Sean Murray on how US TV’s No. 1 ‘most-watched entertainment series’ keeps itself relevant
If you’re having difficulty making heads or tails of the staying power of the five-year-old Filipino action series “Ang Probinsyano,” perhaps it’d be more instructive for you to emerge from under a rock and check out an American police procedural series that actually gets the crime-solving job done. CBS’ “NCIS,” whose 18th season premieres at 10 p.m. on Fox today, isn’t just the second longest-running scripted, nonanimated series currently airing on US primetime TV (surpassed only by “Law & Order: Special Victims Unit”), it has also recaptured the “most-watched entertainment series” crown in 2020, based on its total number of viewers (15.3 million).
The NFL coverage aside, the other TV series on the top 12 “most-watched” list released by Variety are, in this order, “FBI,” “Blue Bloods,” “Chicago Fire,” “This Is Us,” “Young Sheldon,” “Chicago PD,” “Chicago Med” and “The Good Doctor.”
That’s no mean feat for a show that was just spun-off from the legal drama series “Jag” in 2003, then worked its way up from initially poor-to-middling ratings that barely cracked the top 30 in its first two seasons.
In the middle of May last year, just at the start of the lockdowns, the show was renewed for its 18th season—although filming had to be temporarily put off for approximately six months while Hollywood was figuring out how to circumvent a virus that was unabashedly rearing its ugly head and expanding its reach across the globe.
But life must go on—as does the show.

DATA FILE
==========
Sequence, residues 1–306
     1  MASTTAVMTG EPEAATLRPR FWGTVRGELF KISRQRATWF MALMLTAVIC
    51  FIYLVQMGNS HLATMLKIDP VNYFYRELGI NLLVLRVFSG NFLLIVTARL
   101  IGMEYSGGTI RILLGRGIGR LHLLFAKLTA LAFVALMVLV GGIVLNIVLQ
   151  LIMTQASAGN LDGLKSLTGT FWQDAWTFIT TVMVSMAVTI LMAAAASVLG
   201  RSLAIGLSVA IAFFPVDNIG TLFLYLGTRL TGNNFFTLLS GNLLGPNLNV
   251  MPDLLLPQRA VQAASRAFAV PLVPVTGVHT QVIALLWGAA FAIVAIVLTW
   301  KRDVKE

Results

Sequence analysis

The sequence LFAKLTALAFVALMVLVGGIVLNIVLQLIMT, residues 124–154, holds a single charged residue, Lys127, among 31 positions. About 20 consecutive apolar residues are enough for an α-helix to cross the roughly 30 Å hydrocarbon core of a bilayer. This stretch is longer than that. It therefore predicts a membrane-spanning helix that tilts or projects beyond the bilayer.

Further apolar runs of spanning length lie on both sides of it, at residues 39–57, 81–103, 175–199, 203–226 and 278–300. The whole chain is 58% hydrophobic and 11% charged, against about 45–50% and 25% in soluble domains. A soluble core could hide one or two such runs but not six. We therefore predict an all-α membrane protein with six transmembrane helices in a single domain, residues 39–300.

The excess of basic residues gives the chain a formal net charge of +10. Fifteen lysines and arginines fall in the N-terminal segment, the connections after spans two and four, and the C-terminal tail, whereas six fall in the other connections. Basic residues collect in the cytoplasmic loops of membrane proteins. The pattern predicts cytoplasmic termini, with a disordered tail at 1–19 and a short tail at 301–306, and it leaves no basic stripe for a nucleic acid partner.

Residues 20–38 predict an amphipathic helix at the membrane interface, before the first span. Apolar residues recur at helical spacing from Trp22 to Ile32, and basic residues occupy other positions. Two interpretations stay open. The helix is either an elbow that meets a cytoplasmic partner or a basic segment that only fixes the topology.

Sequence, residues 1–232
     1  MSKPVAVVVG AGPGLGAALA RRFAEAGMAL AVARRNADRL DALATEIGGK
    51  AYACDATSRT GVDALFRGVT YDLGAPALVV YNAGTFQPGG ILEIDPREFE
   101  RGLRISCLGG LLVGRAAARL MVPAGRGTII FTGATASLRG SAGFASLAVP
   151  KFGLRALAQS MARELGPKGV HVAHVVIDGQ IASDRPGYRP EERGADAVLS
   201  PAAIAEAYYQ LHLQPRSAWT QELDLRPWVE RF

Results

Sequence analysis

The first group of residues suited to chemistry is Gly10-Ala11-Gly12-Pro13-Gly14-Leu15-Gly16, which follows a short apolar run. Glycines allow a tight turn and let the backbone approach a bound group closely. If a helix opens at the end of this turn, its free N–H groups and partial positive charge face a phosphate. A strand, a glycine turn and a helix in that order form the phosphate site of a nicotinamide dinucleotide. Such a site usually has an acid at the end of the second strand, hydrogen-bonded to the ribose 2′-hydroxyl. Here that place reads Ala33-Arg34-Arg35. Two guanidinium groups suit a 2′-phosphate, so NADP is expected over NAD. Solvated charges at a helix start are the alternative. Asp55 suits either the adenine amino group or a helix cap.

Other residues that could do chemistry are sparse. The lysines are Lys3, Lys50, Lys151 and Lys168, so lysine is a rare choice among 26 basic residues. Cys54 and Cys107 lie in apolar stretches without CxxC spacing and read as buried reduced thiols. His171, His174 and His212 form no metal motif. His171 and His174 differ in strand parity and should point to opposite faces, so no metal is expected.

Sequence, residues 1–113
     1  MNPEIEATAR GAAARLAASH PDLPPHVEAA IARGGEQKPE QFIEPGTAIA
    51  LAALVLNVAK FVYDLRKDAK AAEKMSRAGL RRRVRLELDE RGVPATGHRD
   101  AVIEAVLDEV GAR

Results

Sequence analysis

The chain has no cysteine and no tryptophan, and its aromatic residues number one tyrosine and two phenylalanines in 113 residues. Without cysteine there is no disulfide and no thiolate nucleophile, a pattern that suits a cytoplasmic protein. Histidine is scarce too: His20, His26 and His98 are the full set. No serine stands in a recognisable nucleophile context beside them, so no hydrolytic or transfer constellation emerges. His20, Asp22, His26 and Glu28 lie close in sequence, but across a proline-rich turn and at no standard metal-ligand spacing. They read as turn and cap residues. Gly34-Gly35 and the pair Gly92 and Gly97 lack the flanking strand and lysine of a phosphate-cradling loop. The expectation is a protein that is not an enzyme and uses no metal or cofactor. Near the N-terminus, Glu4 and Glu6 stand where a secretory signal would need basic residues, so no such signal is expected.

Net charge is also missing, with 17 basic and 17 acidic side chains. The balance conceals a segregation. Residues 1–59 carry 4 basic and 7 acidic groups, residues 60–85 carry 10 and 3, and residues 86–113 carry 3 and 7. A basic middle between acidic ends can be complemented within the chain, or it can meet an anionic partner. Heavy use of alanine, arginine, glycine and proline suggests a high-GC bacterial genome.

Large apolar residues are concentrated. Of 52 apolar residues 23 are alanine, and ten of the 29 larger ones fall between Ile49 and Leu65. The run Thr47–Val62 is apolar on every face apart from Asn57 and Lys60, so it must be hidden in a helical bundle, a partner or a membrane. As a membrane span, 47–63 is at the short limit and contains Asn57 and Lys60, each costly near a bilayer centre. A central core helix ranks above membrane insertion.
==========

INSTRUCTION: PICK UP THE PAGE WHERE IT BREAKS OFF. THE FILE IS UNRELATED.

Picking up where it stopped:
In this Philippine exclusive, we spoke to series regular Sean Murray, who is one of only three actors in the series who has appeared in all 18 seasons since the show took its bow in 2003. Now 43 years old, Sean was only 25 the first time he appeared as case agent Timothy “Tim” McGee in Episode 7 (“Sub Rosa”) of the pilot season.
The other two are lead actor-producer Mark Harmon, who plays 66-year-old Leroy Jethro Gibbs, leader of the team at NCIS (Naval Criminal Investigative Service), and David McCallum, who portrays chief medical examiner-turned-NCIS historian Dr. Donald “Ducky” Mallard. Other cast members include Maria Bello (as Dr. Jacqueline “Jack” Sloane), Wilmer Valderrama (Nicholas Torres), Emily Wickersham (Ellie Bishop), Brian Dietzen (Jimmy Palmer), Rocky Carroll (Leon Vance) and Diona Reasonover (Kasie Hines).But there’s another reason why the show is in a celebratory mood: With the release of Episode 2 (“Everything Starts Somewhere”) of Season 18, the show marks its 400th episode! The said episode revisits Gibbs as a troubled and indecisive young man, played in the flashbacks by—hold your breath—Mark’s 32-year-old son, Sean. Talk about coming full circle…Interestingly, the long journey from there to here had Sean Murray reflecting about McGee’s evolution and growth as a character. We asked him: If you play the same character for close to two decades, does the character become the actor portraying him, or is it the other way around?
“It’s a bit of both,” the 6’1” tall actor mused. “The characters have very much evolved over the years—mine probably more than the others. We’ve seen McGee go from rookie agent on the NCIS team to one who’s deleting cases and doing all kinds of things he didn’t know he could do.
“To me, it’s not just professionally, but also personally: Meeting a woman, getting married, having kids and becoming a father—I mean, the growth for me has been amazing. I’ve always pushed for growth.”
Sean has two kids with Carrie James, whom he married in 2005.
The actor added, “I remember talking to the writers, and saying something along the lines of, ‘I don’t want to be like baby Maggie Simpson—every week, you just reset and you’re baby Maggie all over again, never aging.